My relationship with recent YA titles has not been great. YA Fantasy was my go-to genre when I was younger, but everything I read lately is trope-filled and uninspired. I am happy to say that Fire & Heist deviates from this rut.
Sky Hawkins and her family are wyverns (or as she likes to call herself, a were-dragon), dragon/human hybrids who can breathe fire, covet anything gold, and used to be able to shape-shift into actual dragons. Wyverns and humans live together fairly amiably, but humans often distrust or fear wyverns. Most wyverns, in an attempt to satiate their lust for gold, become thieves. Sky’s mother was on a heist, but she was caught doing something the council disliked. She disappeared, leaving Sky, her father, and her three brothers disgraced by her actions. The details of Sky’s mother’s disappearance and the reasons for her exile are murky. Sky decides to do some investigating of her own. She finds out that her mother was stealing something from Sky’s boyfriend’s family vault. Is her mother alive? Why was she stealing from the vault? What was she exiled for?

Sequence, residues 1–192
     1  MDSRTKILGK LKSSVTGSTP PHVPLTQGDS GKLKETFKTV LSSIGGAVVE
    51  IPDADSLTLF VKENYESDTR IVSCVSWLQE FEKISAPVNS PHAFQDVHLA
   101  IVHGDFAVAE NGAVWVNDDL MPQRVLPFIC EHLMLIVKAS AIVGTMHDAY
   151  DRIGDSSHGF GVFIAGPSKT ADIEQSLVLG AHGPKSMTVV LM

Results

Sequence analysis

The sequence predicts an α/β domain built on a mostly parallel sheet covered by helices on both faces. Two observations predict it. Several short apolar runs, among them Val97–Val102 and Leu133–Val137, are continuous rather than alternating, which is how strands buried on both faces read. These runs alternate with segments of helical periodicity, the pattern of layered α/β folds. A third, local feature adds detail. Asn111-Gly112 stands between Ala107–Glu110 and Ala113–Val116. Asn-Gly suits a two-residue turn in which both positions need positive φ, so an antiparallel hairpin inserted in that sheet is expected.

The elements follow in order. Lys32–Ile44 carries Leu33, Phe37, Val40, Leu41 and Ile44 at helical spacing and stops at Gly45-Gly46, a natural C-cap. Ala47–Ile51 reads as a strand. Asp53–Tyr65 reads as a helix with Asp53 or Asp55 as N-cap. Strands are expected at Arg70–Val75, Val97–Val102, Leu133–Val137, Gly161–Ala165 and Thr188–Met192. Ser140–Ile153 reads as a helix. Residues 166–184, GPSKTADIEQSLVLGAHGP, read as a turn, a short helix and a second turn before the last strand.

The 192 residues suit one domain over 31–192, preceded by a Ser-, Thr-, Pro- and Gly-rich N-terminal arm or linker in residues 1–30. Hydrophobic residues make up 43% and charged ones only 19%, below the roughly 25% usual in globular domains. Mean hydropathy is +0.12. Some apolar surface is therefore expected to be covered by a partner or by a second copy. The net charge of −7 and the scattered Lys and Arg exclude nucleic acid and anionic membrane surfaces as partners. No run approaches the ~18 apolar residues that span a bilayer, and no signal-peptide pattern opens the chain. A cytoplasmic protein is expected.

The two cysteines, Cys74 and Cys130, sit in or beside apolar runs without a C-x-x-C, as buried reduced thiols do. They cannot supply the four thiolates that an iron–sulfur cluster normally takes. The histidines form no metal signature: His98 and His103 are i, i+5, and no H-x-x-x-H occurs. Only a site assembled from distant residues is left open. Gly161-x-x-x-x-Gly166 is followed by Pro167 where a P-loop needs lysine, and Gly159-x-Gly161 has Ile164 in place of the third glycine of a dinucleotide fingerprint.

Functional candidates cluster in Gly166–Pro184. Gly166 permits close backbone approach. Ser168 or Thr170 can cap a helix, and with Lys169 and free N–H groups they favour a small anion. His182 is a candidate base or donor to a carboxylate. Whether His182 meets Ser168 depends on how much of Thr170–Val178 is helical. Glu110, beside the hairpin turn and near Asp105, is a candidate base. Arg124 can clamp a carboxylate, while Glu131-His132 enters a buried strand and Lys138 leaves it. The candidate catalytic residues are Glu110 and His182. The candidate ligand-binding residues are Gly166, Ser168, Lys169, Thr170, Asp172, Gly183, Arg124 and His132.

As intriguing as the whole “were-dragons in the human world” thing is, I was skeptical. The idea sounds like it could be cheesy or feel like a teen fan-fiction. Thankfully, it works in Fire & Heist. Sky is a spunky character who likes to test her boundaries. She’s funny and fun to read from. Her brothers and father are also delightfully sarcastic and intelligent characters. The banter between Sky and her family members was actually really funny, to me at least. There is a sizable focus on Sky’s relationship with her boyfriend, but it does not distract too much from the rest of the plot because their relationship has a lot to do with her mother being missing. So, if like me, you dislike romance heavy YA Fantasy, I would say you might like this title. It is just simply fun. It feels fresh and unique. It reads a little like a mix between middle grade and YA, but as an adult, I still really enjoyed it.
The bad news is that this book does not come out until December 4, 2018. The good news is that it looks very promising, and I would recommend following it as it approaches publication. Thank you to NetGalley and the publisher, Crown Books for Young Readers, for giving me the opportunity to review this title.